What is meta? ×
Meta Stack Exchange is where users like you discuss bugs, features, and support issues that affect the software powering all 134 Stack Exchange communities.

I wonder how is this question opinion based or religious exactly. I feel like there has been some overreaction from the moderator Robert Harvey.

The close reason states:

Many good questions generate some degree of opinion based on expert experience, but answers to this question will tend to be almost entirely based on opinions, rather than facts, references, or specific expertise.

The answer (which has been already accepted here) can be summed with two concepts:

  • const-correctness
  • compiler-optimization

I can "accept" that it can be too broad, I definitely think it should be closed as duplicate, but opinionate... how?


Apparently the question was closed when the text mentioned a religious war between colleagues. Here's the original text:

I'm having a bit of a religious war with a coworker regarding the value of declaring stack variables that are not meant to change as const.

What are people's opinions pro/con this approach. I know what my reasons are.

Again, except for the mentioned war the OP is fighting against his colleagues, no trace of opinion based question. In fact the question (which, yes, is lacking the ? at the end) is exactly the same as the one proposed now:

What are the advantages in declaring a stack variable constant?

Yes, it mentions the word "opinion" but it is pretty obvious the OP is not asking for opinions since the question's purpose, for him, is to solve the opinions war he is fighting.

share|improve this question
    
By the OP: In RobertHarvey 's defense, the original question did mention a religious war so I edited it. –  Paulo Scardine Feb 19 at 1:43
    
@LowerClassOverflowian, so the fact that a religious war has been mentioned by the OP, the question is automatically religious? –  Jefffrey Feb 19 at 1:44
1  
Without the war, it's still "what are the advantages". To what end? In what scenario? Compared against what? –  random Feb 19 at 2:01
    
Compared against... not using const? To the end of having a better program? In any scenario? But then again, I can "accept" that it can be too broad. –  Jefffrey Feb 19 at 2:03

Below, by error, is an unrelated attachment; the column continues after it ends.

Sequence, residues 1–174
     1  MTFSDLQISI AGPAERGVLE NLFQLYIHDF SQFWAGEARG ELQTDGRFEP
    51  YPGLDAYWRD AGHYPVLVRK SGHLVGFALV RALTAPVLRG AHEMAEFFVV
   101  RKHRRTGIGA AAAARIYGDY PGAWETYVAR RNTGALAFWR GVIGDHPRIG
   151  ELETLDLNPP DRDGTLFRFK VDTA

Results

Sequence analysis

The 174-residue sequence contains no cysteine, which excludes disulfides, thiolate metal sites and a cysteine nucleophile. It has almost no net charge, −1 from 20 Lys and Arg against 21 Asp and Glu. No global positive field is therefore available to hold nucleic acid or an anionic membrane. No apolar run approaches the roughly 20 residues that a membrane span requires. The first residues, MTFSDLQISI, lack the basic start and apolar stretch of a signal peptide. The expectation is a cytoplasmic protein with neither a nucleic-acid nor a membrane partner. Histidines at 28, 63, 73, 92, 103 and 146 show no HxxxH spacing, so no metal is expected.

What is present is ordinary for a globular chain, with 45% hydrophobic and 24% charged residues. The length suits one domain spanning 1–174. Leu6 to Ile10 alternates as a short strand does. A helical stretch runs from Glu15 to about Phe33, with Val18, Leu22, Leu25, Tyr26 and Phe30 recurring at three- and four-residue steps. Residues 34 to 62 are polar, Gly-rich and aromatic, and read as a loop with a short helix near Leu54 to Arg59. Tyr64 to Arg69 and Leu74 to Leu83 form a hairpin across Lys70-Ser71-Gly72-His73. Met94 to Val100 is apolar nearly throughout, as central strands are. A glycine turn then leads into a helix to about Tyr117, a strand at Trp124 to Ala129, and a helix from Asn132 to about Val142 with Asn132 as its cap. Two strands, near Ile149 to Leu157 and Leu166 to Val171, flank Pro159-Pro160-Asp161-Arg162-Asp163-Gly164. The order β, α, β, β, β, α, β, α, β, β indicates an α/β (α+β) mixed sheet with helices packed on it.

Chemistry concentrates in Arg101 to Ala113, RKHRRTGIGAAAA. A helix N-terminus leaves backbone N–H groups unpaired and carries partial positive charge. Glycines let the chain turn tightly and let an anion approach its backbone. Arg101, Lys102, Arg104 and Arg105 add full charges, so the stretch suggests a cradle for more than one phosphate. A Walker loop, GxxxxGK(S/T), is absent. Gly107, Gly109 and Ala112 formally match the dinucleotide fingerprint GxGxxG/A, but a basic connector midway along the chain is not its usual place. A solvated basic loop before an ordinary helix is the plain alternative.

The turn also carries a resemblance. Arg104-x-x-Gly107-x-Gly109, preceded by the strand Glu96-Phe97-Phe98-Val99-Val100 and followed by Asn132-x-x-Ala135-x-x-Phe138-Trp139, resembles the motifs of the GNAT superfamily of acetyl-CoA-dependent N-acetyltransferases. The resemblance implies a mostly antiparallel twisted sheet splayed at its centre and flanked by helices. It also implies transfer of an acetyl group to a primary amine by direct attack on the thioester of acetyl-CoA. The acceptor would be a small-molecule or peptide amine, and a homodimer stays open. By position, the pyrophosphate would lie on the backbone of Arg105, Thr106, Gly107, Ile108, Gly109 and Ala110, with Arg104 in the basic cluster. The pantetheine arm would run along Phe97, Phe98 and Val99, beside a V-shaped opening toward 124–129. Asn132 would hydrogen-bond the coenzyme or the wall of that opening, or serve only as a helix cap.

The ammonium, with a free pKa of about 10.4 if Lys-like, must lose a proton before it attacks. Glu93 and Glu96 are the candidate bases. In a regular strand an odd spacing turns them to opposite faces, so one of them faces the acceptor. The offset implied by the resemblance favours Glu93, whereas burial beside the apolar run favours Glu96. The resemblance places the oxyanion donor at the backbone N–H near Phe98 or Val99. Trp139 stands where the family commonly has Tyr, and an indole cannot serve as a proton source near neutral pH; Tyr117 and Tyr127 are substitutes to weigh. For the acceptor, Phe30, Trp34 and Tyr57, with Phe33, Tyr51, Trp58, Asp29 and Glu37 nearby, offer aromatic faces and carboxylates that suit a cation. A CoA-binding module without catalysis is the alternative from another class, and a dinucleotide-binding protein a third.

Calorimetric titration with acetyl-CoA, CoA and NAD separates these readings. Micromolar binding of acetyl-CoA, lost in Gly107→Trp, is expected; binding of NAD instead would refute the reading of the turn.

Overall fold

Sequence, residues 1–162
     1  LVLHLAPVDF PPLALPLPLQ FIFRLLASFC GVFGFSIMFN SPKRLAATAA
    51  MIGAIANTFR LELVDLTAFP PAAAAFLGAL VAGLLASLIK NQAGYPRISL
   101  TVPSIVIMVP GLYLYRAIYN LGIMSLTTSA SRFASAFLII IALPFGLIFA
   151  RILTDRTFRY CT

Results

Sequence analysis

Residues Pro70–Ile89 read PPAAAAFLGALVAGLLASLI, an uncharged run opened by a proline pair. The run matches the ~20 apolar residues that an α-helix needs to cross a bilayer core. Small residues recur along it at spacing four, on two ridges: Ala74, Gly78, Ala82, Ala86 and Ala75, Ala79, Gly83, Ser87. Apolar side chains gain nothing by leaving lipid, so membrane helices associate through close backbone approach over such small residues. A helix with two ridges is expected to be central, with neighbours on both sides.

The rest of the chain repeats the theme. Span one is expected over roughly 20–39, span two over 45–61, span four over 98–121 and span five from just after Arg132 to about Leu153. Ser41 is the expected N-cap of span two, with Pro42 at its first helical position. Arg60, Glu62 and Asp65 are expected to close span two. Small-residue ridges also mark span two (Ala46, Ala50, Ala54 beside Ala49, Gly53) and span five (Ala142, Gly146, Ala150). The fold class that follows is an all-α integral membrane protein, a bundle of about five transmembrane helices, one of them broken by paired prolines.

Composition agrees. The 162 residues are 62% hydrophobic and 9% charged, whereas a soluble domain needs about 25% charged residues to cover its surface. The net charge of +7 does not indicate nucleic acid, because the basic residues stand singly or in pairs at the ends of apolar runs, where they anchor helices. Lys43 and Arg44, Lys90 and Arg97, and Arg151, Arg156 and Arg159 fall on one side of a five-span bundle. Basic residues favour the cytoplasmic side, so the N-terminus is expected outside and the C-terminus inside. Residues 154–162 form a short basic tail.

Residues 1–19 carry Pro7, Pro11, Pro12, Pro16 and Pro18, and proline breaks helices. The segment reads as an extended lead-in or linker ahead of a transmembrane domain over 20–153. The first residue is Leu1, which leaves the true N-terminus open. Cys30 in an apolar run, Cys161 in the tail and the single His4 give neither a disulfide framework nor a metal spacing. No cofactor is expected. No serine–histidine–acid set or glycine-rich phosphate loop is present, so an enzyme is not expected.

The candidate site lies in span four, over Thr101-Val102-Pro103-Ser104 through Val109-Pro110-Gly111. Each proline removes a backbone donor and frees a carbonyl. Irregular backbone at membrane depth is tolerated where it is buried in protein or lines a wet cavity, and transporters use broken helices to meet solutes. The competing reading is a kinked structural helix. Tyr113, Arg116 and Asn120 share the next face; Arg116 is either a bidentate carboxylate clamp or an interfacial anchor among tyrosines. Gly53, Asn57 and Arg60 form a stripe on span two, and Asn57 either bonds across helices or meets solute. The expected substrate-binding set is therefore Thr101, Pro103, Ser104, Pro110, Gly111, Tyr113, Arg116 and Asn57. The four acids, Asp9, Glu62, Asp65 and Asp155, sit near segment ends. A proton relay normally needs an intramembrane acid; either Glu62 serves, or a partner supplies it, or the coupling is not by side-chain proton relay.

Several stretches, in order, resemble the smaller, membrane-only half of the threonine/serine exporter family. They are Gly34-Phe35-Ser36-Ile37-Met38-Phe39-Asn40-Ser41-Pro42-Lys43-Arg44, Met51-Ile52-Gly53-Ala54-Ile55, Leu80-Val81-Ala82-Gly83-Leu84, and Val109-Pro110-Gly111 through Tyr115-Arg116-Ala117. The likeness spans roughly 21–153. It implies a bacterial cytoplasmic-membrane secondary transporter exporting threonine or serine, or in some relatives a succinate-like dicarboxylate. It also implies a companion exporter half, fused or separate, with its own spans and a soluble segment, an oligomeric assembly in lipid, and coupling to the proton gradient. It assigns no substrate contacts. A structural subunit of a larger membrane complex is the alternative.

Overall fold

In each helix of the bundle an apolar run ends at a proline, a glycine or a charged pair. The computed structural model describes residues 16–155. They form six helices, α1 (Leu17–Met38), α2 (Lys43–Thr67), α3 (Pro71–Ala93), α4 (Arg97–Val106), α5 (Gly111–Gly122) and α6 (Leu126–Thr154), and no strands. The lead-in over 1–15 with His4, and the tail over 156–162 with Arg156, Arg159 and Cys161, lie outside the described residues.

@Jefffrey What defines 'better'? It's turtles all the way down. –  George Stocker Feb 19 at 2:12
    
@GeorgeStocker, Not really. A "better" program is: more efficient and/or clearer to read. There's nothing broad in the definition. But even if the definition was broad, the concept of pro and cons are not, in this context. –  Jefffrey Feb 19 at 2:17
1  
@Jefffrey We can, of course, disagree. Pros and Cons (by their very nature) stray out of bounds very quickly on Stack Overflow. While this may not be what you want, it is the sentiment of the community and the design of the site. –  George Stocker Feb 19 at 2:19
    
@GeorgeStocker, oh, yes please, tell me more about it. –  Jefffrey Feb 19 at 2:59
1  
@Jefffrey Notice how almost all of those questions are really old. The sites standards have changed in this regard. They were once allowed; now they're not. –  Servy Feb 19 at 3:45
    
@Jefffrey this comment from animuson suns it up nicely: meta.stackexchange.com/questions/221949/… –  George Stocker Feb 19 at 12:21
    
@Jefffrey They are now closed. Thanks for bringing those up. –  George Stocker Feb 19 at 12:47

1 Answer 1

The original question said:

I'm having a bit of a religious war with a coworker regarding the value of declaring stack variables that are not meant to change as const.

[...]

What are people's opinions pro/con this approach. I know what my reasons are.

OP doesn't make it clear what his reasons are. All we know is that he mentioned religious war and people's opinions. This was correctly closed as primarily opinion-based

The revised question says:

What are the advantages in declaring a stack variable constant?

This was correctly reopened, because this question is asking for objective differences, facts if you will.

share|improve this answer
    
The first question has a little bit of background to it, but the two are exactly the same. –  Jefffrey Feb 19 at 1:51
1  
@Jefffrey I respectfully disagree. There's a huge difference between what are people's opinions and what are the advantages. –  Stijn Feb 19 at 1:52
    
The original question is effectively asking pro and cons of applying const-correctness. The reason the OP included the word "opinion" is because of the background to it. –  Jefffrey Feb 19 at 1:54
2  
I believe the reason we have human moderators instead of keyword parsers is that the human can look past keywords and understand what is being asked –  Glenn Teitelbaum Feb 19 at 1:55
    
I think we should read just a little between the lines to see what the OP meant with "What are people's opinions pro/con this approach". And he was obviously not asking for opinions since the question's purpose (in the story) is to solve the opinions war he is fighting. –  Jefffrey Feb 19 at 1:56

You must log in to answer this question.

Not the answer you're looking for? Browse other questions tagged .